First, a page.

High-fat diets slim down learning

From San Diego, at a meeting of the Society for Neuroscience

It’s well accepted that eating a high-fat diet has numerous detrimental effects on the body from the neck down. Now, preliminary findings in mice suggest that a high-fat diet can also harm the brain.

Lih-Chu Chiou and her colleagues at the National Taiwan University in Taipei fed male and female mice either high-fat chow, with about 45 percent of calories from fat, or normal chow, with about 13.5 percent of calories from fat. The researchers kept the mice on the diets for 9 to 12 months before killing the animals and examining thin slices of their brains.

The focus of the study was the hippocampus, a part of the brain associated with learning and memory. In slices from male mice fed a normal diet, repeated electrical shocks to the slices caused hippocampal cells to fire with a strong electrical pulse, a response that seems to cement new experiences into long-term memory. Hippocampal cells from male mice fed a high-fat diet responded to shocks with a significantly weaker electrical pulse, an indication that the high-fat mice had poorer memory and learning skills.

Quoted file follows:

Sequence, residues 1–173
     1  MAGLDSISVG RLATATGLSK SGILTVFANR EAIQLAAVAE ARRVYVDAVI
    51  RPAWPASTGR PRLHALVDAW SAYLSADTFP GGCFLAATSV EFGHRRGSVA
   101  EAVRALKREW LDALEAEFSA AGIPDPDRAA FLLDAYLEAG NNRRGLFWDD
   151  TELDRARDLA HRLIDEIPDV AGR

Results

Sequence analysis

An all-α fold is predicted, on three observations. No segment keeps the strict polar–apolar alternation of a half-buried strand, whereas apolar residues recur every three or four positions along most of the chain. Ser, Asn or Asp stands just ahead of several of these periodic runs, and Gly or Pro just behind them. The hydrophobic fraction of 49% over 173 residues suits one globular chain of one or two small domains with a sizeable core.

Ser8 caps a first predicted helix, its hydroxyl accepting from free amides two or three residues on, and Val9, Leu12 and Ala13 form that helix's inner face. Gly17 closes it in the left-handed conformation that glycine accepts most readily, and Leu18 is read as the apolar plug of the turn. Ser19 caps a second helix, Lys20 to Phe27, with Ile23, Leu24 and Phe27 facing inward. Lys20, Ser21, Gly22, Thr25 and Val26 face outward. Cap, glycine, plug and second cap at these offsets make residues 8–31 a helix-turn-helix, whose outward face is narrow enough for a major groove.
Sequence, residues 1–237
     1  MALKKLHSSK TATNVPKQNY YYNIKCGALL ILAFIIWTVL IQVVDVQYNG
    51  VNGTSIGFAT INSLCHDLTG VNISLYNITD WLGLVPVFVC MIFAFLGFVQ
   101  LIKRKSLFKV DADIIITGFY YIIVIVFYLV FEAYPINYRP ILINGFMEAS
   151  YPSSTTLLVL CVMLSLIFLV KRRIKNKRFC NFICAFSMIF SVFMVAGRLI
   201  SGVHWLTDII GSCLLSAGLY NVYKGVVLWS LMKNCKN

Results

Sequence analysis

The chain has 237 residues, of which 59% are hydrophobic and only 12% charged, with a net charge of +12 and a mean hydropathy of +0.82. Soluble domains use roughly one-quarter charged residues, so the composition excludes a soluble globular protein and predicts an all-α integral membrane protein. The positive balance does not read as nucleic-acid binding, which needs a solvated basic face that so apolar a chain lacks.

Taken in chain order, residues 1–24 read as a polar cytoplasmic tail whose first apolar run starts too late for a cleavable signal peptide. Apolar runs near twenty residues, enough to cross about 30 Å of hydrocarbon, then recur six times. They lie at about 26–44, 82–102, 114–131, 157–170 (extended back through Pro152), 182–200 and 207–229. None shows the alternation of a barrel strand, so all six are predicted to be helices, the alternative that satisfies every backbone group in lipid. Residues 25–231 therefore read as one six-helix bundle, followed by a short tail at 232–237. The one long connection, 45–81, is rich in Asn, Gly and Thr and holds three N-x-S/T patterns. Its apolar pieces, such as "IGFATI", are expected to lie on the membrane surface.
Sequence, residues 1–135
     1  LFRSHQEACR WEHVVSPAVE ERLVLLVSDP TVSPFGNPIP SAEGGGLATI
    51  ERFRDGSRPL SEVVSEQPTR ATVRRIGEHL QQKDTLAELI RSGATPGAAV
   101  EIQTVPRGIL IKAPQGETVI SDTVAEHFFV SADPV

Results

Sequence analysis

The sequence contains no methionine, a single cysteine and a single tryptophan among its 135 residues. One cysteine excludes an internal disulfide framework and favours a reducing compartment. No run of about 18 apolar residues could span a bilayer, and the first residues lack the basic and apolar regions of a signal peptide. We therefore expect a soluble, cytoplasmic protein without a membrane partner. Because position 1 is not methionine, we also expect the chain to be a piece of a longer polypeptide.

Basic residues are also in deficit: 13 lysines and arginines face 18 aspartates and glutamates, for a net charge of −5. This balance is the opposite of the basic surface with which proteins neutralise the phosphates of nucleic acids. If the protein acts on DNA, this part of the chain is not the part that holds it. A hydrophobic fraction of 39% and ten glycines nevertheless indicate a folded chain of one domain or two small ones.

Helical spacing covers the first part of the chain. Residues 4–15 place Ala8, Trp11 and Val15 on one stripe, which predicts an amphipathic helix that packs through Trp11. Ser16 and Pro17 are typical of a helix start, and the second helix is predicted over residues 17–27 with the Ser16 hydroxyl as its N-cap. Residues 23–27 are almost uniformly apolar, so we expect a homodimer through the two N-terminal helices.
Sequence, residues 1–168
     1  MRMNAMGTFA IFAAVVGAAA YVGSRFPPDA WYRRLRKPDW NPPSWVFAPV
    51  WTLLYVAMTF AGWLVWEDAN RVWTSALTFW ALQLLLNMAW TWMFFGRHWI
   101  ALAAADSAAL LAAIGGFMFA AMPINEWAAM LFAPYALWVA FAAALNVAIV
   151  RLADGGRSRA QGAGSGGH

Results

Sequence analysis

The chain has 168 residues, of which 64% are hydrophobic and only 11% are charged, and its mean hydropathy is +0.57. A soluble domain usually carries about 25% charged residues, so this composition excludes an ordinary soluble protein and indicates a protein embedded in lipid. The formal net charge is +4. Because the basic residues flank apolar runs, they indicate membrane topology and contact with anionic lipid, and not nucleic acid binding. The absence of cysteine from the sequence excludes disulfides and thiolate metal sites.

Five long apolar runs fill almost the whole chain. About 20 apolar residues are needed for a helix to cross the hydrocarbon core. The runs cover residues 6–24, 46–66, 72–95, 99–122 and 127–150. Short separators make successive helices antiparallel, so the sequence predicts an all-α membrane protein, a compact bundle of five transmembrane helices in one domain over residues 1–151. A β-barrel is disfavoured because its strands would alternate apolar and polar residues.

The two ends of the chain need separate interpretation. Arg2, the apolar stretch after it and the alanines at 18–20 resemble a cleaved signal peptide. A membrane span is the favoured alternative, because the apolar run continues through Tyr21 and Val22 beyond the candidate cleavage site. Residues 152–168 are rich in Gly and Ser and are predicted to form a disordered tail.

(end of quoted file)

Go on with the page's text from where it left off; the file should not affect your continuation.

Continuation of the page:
Supporting these results, other male mice on the high-fat diet scored lower than normal-chow males when trained to avoid stepping on an electrically charged platform and then tested on their memory of that experimenters’ trick.

Interestingly, hippocampal sections from female mice on either diet responded much like those of normal-chow male mice, suggesting that a high-fat diet had no effect on learning and memory in the female brain. Chiou’s team plans to perform further tests to elucidate why a high-fat diet might affect male and female brains differently.

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